> On Wed, Nov 16, 2011 at 6:40 AM, Sean Breheny <
spamBeGoneshb7spamBeGonecornell.edu> wrote:
>
>> I can remember having this exact confusion once, too :)
>>
>> The concept of frequency here is that of a change of coordinates
>> transformation - the Fourier Transform (for non-periodic signals) or
>> Fourier Series (for periodic ones).
>>
>
> I looked it up. I wish I could study this in depth as the engineering
> kids do (I'm in life sci where students don't even know what mmHg is,
> much less anything about this kind of mathematics). So apparently "the
> Fourier transform is a mathematical operation that decomposes a
> function into its constituent frequencies". Got it.
>
>
>> You can fully describe a signal by means of a time-series (i.e. plot
>> of voltage versus time) and that is referred to as the time domain
>> representation of the signal.
>>
>
> Time domain representation. Got it.
>
>
>> You can also perform a change of coordinates so that you get a voltage
>> versus frequency plot. The information is now in a different format
>> but still represents the same information. You can convert back and
>> forth between the two.
>>
>
> Fourier transform can be used to obtain a frequency domain plot. Got it.
>
>
>> The motivation behind this is that it is often easier to determine the
>> effect which a circuit or a communications channel will have on a
>> signal or signals by first representing them in the frequency domain,
>> then multiplying by the frequency response of the channel/circuit, and
>> then converting back to the time domain if needed.
>>
>> An individual discrete sinusoid of frequency f appears as two Dirac
>> delta functions
>>
>
> Dirac delta function. Looked it up. Got it.
>
> , one at +f, the other at -f. This is the link between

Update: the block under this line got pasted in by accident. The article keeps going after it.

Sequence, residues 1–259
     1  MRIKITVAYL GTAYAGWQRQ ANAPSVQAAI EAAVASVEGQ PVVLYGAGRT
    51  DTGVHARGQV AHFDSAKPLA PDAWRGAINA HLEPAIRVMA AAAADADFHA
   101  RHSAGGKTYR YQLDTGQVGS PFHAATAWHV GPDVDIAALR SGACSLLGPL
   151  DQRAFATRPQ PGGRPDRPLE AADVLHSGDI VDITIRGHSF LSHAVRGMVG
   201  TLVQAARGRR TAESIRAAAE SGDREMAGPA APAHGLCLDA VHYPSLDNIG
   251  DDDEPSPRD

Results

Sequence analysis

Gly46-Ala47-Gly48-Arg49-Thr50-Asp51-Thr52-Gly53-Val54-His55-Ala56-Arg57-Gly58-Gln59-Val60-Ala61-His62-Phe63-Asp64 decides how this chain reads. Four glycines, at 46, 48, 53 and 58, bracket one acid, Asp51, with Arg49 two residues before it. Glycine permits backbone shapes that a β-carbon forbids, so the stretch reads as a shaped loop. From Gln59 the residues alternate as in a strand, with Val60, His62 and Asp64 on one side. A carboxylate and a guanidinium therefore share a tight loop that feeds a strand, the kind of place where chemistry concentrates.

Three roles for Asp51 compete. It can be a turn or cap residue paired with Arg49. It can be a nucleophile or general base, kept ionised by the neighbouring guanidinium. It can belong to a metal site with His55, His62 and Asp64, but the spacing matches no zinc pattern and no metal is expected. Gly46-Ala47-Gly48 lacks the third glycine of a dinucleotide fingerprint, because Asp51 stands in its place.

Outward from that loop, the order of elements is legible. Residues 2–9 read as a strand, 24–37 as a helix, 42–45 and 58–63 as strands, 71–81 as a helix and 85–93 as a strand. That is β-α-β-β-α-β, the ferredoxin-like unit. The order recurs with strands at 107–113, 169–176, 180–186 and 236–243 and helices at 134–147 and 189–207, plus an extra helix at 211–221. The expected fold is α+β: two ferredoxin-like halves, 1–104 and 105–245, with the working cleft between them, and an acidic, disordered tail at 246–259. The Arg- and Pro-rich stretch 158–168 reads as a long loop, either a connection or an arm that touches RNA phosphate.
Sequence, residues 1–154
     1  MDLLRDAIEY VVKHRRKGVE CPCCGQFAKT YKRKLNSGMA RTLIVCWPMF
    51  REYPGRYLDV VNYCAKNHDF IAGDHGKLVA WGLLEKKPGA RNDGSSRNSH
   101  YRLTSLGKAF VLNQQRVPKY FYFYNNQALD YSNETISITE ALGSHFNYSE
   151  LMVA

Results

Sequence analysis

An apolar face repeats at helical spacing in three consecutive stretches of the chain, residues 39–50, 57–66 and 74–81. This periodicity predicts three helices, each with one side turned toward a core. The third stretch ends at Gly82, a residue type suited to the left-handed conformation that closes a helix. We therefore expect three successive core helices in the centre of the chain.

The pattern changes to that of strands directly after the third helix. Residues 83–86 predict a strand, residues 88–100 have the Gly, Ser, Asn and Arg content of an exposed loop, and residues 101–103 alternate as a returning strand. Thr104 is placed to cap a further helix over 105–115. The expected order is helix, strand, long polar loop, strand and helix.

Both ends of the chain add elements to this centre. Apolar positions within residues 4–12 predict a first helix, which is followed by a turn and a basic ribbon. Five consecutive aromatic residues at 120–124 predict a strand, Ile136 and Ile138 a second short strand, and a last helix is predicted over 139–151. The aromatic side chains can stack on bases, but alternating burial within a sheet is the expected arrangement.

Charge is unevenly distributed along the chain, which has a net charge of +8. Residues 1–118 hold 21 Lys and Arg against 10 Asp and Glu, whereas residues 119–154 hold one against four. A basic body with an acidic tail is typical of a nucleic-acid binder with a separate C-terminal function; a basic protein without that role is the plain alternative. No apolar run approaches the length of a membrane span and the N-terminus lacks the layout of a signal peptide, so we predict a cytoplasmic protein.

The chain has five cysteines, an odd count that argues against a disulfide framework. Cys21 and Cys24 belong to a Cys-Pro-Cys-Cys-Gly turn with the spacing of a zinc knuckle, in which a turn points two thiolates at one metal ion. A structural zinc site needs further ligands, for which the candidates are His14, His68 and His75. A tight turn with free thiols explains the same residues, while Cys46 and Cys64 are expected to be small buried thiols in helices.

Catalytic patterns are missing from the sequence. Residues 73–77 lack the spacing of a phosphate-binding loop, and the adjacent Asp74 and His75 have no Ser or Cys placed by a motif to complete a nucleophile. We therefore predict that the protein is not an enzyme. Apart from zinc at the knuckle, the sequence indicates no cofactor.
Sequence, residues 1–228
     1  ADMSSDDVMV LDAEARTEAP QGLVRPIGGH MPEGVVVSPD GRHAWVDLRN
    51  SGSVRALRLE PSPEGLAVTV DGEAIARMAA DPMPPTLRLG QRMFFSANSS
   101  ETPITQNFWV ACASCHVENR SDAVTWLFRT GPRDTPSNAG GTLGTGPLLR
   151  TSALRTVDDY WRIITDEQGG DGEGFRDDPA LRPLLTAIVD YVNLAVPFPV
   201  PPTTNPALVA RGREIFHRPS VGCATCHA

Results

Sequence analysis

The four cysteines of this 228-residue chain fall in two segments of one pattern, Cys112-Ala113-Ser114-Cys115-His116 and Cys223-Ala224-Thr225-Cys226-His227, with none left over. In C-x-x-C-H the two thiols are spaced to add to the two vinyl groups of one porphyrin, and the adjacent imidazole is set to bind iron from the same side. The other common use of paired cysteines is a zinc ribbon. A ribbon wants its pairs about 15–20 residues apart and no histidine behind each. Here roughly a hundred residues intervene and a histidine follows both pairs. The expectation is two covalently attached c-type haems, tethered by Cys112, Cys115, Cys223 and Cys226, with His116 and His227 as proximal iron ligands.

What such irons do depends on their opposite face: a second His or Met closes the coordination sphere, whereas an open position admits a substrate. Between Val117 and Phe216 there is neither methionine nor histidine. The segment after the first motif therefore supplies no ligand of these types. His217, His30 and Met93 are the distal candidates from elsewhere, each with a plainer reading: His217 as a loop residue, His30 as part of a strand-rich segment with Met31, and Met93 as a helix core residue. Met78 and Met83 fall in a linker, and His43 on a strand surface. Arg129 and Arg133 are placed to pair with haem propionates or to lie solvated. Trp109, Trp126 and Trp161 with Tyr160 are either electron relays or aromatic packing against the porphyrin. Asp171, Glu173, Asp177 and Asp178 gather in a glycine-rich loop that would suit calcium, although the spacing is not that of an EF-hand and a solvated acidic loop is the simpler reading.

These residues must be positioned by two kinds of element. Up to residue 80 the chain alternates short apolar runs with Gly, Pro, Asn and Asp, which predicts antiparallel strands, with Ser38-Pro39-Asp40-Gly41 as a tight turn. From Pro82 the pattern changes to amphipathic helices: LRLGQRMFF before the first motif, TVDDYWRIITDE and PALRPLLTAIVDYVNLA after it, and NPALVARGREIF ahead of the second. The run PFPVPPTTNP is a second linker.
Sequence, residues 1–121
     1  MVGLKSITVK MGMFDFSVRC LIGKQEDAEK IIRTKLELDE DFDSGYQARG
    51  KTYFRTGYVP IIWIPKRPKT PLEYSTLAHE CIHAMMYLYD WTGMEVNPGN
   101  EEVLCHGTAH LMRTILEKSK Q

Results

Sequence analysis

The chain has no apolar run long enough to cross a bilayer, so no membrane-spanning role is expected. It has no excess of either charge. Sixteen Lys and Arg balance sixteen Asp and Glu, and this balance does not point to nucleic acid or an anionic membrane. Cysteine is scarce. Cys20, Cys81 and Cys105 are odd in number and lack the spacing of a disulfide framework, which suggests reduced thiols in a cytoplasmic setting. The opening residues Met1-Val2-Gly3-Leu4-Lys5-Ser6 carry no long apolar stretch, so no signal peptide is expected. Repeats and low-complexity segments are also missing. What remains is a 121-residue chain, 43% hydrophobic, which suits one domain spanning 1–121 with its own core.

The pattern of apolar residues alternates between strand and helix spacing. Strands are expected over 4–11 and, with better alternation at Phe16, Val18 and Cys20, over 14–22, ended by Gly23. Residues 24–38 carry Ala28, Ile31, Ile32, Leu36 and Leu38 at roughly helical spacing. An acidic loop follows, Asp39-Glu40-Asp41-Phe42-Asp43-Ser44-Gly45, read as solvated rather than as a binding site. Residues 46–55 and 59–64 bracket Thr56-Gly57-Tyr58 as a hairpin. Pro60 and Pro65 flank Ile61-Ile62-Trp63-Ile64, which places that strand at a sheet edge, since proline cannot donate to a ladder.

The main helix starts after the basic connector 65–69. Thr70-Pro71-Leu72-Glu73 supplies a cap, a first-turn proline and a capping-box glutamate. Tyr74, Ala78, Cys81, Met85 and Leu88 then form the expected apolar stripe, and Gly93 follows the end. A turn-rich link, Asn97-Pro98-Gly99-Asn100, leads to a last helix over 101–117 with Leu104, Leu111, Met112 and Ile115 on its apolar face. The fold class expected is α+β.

>
>> the simple definition of frequency as the inverse of the period, and
>> this extended definition of frequency where you have a continuous
>> function of amplitude versus frequency.
>>
>
>
>> It is only continuous for
>> non-periodic signals -
>>
>
> Could you explain this again?
>
>
>> periodic ones will be a collection of different
>> delta functions with different "weights" (the value you get when
>> integrating around the immediate neighborhood of the delta function).
>>
>
> (According to wikipedia) - I thought that the integral of the delta
> function = 1.
>
>
>> Try this experiment: plot the function
>> v(t)=sin(2*pi*t)+(1/3)*sin(2*pi*3*t)+(1/5)*sin(2*pi*5*t)+(1/7)*sin(2*pi*7*t).......
>> (you can try carrying this out to different numbers of terms following
>> this pattern)
>>
>
> Tried it. This is pretty cool.
>
>
>> What common waveform does that look like?
>>
>
> Sinusoidal?
>
>
>> This shows how a sum of
>> sinusoids can make other waveforms (or conversely, how general
>> waveforms can be converted into a collection of sinusoids - which then
>> can be independently analyzed as they pass through a linear system -
>> and then summed again)
>>
>
> Okay so signal can be decomposed into sum of signals via a Fourier
> transform which can then be used to obtain a frequency domain plot
> (spectrum analyzer).
>
> But I still can't visualize how AM radio has sidebands. I still see
> only one pure sinusoidal frequency only of varying amplitude.
>
> I'm going to open up Mathematica and see if I can plot stuff out.